Down the gravelled walk,—along the highway,—over the river, and up the hill to the village churchyard the long procession moved, and when it backward turned, one of the number was left behind, and the August sunset fell softly upon his early grave. Sadly the mourners, Arthur, Edith and Nina, went to their respective homes, Edith seeking the rest she so much needed, Nina subdued and awed into perfect quiet, sitting with folded hands in the room where her truest friend had died, while Arthur, alone in his chamber, held as it were communion with the dead, who seemed this night to be so near to him.
Swiftly, silently, one by one, the days came and went until it was weeks since Dr. Griswold died, and things at Grassy Spring assumed their former routine. At first Nina was inclined to be melancholy, talking much of the deceased, and appearing at times so depressed that Arthur trembled, lest she should again become unmanageable, wondering what he should do with her now the Dr. was gone. Gradually, however, she recovered her usual health and spirits, appearing outwardly the same; but not so with Arthur, whose thoughts and feelings no one could fathom. It was as if he had locked himself within a wall of ice, which nothing had power to thaw. He saw but little of Edith now; the lessons had been tacitly given up, and, after what she had heard from Dr. Griswold, she could not come to Grassy Spring just as she used to do, so she remained at home, marvelling at the change in Arthur, and wondering if he really loved her, why he did not tell her so. Much of what Dr. Griswold had said she imputed to delirium, and with the certainty that she was beloved, she would not dwell upon anything which made her unhappy, and she waited for the end, now hastening on with rapid strides.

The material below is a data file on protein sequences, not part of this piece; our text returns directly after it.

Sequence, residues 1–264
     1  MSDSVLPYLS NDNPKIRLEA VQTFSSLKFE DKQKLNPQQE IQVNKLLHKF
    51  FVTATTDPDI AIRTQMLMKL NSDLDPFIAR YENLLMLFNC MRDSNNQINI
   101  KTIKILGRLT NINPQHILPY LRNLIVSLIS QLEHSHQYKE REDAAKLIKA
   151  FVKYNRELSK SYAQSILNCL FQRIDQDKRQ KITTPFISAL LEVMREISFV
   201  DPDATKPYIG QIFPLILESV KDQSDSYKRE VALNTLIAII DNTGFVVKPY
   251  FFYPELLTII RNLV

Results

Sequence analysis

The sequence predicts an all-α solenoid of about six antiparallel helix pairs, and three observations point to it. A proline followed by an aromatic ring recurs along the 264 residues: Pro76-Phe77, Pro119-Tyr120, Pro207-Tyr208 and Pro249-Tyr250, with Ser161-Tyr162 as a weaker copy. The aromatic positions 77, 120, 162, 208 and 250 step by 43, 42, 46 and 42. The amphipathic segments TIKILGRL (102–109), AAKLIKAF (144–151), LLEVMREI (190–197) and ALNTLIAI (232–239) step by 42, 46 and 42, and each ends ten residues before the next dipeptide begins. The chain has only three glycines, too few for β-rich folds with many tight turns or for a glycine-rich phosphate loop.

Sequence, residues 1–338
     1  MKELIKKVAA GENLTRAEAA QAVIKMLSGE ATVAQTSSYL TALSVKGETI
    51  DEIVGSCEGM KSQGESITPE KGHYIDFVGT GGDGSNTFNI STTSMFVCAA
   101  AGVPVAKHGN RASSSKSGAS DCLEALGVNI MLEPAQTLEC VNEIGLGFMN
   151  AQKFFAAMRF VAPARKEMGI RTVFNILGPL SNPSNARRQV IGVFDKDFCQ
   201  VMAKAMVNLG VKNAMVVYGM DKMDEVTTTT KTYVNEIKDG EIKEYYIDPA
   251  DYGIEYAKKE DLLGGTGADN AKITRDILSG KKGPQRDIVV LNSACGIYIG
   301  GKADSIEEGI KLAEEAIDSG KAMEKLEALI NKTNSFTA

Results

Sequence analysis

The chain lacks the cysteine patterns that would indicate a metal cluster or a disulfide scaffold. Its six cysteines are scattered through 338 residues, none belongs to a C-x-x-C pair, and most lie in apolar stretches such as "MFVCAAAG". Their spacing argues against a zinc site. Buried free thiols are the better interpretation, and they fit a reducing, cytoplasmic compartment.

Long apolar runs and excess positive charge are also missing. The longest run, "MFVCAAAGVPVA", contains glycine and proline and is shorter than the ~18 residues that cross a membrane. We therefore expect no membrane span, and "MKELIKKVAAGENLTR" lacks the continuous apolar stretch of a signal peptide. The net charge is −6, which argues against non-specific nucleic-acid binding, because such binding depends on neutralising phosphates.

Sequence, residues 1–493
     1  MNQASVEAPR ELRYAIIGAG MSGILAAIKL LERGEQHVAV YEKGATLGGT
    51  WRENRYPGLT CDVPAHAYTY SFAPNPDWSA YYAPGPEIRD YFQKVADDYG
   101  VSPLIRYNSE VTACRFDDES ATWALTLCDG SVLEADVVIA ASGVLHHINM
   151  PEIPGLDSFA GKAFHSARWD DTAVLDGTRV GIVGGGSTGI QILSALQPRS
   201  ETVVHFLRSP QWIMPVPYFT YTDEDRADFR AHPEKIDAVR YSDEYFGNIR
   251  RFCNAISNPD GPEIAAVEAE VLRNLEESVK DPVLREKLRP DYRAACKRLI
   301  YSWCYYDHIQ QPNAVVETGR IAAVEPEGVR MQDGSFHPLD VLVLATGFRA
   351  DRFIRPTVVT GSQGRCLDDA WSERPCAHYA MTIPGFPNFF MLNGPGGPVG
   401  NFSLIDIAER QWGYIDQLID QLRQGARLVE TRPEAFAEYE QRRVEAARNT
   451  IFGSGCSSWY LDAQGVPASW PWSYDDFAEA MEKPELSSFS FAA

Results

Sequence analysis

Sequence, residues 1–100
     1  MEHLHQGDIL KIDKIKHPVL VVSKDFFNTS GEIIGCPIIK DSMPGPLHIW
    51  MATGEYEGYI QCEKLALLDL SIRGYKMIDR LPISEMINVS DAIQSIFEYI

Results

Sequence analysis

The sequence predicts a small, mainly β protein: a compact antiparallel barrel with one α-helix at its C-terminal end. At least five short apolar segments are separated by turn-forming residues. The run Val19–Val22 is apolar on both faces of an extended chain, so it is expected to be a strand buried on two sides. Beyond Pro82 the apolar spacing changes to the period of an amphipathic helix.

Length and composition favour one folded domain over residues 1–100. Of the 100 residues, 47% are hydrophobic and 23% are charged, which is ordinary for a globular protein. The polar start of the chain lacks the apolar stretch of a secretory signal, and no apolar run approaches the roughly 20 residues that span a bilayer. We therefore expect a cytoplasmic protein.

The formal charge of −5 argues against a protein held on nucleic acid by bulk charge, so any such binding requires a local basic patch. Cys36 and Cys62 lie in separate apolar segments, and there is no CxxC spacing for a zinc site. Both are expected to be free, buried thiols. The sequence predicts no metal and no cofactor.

Behind the icy wall which Arthur had built around himself, a fierce storm was blowing, and notwithstanding the many midnight watches kept over Dr. Griswold’s grave, the tempest still raged fearfully, threatening to burst its barriers and carry all before it. But it reached its height at last, and wishing to test his strength, Arthur asked Nina one pleasant night to go with him to Collingwood. She consented readily, and in a few moments they were on their way. They found the family assembled upon the broad piazza, where the full moon shone upon them through the broad leaves of woodbine twining about the massive pillars. Edith sat as usual upon a stool at Richard’s feet, and her face wore a look of disappointment. Thoughts of Eloise Temple had been in her mind the entire day, and sitting there with Richard, she had ventured to ask him again of the young girl in whom she was so much interested. But Richard shook his head. He was reserving Eloise Temple for a future day, and he said to Edith,
“I cannot tell you of her yet, or where she is.”
“When will you then?” and Edith spoke pettishly. “You always put me off, and I don’t see either why you need to be so much afraid of telling me about her, unless her mother was bad, or something.”